What can written sources, sculpture and archaeology tell us about Pictish identity and how this might have changed between the sixth and ninth centuries?
Published Online (2010)
[A]nd the Britons, a nation still then primitive and accustomed only to the half-naked Picts and Hibernians as their sole enemies, who gave way easily to Roman arms…’ (Panegyric of Constantius, AD 297, XI). Our earliest reference to the Picts depicts them as barbarians, giving us little insight into their actual identity or life. It is within recent academic discussion that we have become more concerned with attempting to extrapolate the memories and ethnic identities of the Early Scotland (Driscoll, 2000:233) in a sense, making early people such as the Picts more than just barbarians.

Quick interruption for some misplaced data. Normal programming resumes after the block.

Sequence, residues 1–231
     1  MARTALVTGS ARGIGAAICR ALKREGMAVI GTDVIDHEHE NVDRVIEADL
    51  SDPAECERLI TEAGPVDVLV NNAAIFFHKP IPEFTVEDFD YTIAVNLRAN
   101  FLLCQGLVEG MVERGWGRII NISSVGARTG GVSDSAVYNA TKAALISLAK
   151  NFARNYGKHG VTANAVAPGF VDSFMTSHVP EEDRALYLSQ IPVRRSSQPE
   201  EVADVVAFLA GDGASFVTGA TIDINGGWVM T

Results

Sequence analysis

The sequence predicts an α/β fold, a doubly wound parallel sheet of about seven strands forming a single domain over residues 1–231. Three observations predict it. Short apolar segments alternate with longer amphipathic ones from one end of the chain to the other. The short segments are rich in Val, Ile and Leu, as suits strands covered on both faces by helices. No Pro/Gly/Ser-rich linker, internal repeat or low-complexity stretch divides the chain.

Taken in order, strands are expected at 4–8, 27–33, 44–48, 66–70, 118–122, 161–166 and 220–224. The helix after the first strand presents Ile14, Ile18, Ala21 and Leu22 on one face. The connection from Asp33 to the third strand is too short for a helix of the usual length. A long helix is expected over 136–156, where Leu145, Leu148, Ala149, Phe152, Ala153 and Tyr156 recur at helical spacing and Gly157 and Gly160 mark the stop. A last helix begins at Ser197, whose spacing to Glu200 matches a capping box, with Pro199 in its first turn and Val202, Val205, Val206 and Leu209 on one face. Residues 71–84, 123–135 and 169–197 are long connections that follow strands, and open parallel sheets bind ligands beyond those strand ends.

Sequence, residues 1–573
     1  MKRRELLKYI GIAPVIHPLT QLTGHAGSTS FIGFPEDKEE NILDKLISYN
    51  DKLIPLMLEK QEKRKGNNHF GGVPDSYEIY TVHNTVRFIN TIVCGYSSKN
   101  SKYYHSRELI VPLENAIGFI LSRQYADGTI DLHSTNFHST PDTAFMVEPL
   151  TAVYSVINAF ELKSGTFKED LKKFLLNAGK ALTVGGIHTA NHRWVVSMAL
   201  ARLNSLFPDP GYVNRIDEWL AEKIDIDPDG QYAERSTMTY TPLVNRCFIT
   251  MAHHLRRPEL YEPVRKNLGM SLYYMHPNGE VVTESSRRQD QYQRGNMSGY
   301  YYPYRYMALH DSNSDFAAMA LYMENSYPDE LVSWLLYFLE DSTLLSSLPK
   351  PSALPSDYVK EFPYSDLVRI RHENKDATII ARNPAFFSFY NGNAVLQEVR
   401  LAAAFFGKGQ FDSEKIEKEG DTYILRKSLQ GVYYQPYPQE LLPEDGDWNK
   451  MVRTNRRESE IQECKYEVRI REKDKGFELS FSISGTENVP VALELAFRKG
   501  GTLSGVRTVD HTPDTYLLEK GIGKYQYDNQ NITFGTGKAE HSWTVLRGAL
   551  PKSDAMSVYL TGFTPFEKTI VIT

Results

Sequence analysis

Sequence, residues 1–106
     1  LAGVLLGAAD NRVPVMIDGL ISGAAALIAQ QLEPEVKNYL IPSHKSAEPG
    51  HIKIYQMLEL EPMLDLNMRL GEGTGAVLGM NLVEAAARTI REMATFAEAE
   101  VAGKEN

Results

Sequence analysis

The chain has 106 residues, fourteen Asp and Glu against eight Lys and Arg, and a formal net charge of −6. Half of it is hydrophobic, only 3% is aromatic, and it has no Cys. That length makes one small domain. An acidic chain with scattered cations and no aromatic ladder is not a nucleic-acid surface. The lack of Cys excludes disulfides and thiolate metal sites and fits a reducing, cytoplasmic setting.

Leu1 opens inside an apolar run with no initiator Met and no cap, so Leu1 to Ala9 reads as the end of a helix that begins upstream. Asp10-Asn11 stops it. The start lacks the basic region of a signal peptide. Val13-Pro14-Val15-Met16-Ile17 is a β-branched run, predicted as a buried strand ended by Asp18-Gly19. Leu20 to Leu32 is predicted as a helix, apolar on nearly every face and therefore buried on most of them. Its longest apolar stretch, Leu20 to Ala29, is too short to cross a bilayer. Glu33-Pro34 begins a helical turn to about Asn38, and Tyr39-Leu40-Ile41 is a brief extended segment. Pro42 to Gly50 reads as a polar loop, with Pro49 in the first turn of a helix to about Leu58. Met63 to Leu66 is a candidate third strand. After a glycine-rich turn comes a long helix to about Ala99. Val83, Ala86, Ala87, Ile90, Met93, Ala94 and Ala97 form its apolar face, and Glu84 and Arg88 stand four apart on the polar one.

Hence it is through archaeological discussion well as examining later written sources we can understand, in varying degrees how the Picts identified themselves within the wider British context between the sixth and ninth centuries. Here the Pictish identity shall be examined by way of their depictions in sculpture from their earliest and basic, undressed slab engravings towards the more complex ecclesiastical Crosses such as the Dupplin Cross.
We shall also explore their own creation of identity through written sources of the Kings-lists. As well as what little archaeological evidence there is for internal differences between the elite and non-elite. It can ultimately be argued however that the Picts have had several identities played upon them, their own inherent one as well as the romanticised versions in part perpetrated by early academics and antiquarians.